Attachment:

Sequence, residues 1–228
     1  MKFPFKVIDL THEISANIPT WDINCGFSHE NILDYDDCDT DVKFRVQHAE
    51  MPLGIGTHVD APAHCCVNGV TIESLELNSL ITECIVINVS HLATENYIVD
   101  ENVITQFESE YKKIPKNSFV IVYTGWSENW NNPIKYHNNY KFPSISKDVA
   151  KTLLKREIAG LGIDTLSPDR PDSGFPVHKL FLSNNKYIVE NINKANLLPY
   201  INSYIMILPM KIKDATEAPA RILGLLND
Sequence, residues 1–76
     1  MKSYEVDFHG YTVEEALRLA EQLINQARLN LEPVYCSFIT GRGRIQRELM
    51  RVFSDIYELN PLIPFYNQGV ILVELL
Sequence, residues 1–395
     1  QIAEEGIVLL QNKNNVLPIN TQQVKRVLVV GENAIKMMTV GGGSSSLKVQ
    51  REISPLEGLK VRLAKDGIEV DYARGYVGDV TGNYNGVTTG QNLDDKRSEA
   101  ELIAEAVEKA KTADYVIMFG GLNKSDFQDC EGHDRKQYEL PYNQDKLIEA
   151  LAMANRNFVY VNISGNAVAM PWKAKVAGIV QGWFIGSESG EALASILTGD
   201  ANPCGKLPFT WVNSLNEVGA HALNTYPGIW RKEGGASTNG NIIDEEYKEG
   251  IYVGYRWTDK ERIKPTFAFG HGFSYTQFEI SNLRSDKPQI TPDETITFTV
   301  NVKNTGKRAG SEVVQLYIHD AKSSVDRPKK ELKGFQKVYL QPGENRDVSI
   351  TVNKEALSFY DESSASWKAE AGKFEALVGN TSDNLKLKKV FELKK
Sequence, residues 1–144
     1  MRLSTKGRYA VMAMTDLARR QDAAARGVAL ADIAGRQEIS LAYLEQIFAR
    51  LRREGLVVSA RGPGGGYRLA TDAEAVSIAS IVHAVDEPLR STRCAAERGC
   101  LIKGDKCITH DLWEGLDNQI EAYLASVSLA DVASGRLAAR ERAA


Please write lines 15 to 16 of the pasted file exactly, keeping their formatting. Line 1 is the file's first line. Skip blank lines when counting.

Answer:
   201  ANPCGKLPFT WVNSLNEVGA HALNTYPGIW RKEGGASTNG NIIDEEYKEG
   251  IYVGYRWTDK ERIKPTFAFG HGFSYTQFEI SNLRSDKPQI TPDETITFTV